Do emotions belong at work? If we show emotion, will we be valued or will it diminish our image or our ability to affect change? Can they help us form stronger bonds or do they make us appear weak?
It depends to some degree on the emotion, of course, and how it is expressed. Some emotions (rage, for example) are never appropriate at work, but is that true of all emotions? Are there some that are not only appropriate, but beneficial?
Let’s look at empathy for a moment. Empathy is the ability to sense other’ feelings and perspectives, and take an active interest in their concerns. It is the ability to put yourself in another’s place and to take that perspective into account.
People who express empathy are attentive to and able to attune to a wide range of emotional signals. They listen for and sense what someone is feeling but not saying. They are able to show sensitivity to and understand other’ perspectives.
So is this a strength or a weakness? Let’s consider the opposite scenario. People lacking empathy show no understanding, or misunderstand, or are surprised by others’ feelings or actions. They have trouble “reading” people and what they are thinking and feeling. They stereotype others and often experience conflict with others, and tend to act without considering how others might feel about something. People who do not exhibit empathy frequently come across as indifferent or uncaring.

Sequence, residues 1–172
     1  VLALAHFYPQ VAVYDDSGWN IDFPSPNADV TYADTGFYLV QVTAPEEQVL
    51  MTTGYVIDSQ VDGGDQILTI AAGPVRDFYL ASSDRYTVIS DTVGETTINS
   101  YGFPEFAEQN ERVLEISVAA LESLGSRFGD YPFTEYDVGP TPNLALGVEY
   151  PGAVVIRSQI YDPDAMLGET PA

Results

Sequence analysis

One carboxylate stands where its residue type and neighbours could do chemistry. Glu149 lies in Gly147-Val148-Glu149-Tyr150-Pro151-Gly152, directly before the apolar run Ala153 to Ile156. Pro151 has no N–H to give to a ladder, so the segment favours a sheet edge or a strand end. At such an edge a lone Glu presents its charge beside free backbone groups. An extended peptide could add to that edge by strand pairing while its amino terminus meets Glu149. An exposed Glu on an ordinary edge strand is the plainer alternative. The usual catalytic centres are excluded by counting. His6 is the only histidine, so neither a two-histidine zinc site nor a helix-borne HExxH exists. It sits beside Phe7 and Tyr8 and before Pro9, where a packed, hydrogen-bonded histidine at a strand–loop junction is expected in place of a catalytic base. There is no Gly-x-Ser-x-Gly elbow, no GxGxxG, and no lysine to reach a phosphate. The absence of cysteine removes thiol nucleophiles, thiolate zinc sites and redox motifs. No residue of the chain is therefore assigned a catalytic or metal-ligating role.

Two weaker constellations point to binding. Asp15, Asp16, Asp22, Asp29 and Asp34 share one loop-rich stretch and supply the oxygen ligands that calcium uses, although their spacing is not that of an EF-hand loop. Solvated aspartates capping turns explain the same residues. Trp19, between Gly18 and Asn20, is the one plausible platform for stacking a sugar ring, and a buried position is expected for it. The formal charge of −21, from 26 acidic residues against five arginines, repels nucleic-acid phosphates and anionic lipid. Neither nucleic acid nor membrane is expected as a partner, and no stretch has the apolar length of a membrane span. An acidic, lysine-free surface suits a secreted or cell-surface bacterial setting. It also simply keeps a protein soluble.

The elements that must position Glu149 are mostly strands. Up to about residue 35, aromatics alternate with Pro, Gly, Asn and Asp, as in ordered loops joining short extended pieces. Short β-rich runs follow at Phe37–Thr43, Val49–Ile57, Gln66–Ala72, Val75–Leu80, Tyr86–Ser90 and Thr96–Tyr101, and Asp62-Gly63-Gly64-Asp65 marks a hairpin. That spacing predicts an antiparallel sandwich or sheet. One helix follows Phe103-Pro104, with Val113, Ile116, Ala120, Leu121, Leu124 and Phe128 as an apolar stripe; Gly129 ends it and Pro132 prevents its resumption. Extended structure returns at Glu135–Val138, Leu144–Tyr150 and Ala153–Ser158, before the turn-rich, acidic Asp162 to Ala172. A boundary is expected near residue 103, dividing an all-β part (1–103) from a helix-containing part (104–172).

Consider the potential ramifications of non-empathetic behaviors… getting people offside, teams breaking down, insecurities emerging, attrition of key employees, failure to reach a successful conclusion in negotiations or contracts, loss of sales, decreased performance, conflict with managers, peers or subordinates, overlooking skills and talents, and so on. How many of these have an impact on the bottom line? The risk, therefore, is higher in NOT developing empathy in your organization.
Someone with strong leadership qualities is able to shift gears, think from another’s point of view, and use that information to build consensus, negotiate successfully, and build trust. Empathetic behaviors create benefits for the individual, those they interact with, and the organization as a whole. Empathy can be a powerful tool in your career development, even it is an emotion.
Empathy is one of the competencies measured in the personalized ISEI Emotional Intelligence profile. Contact us for more information.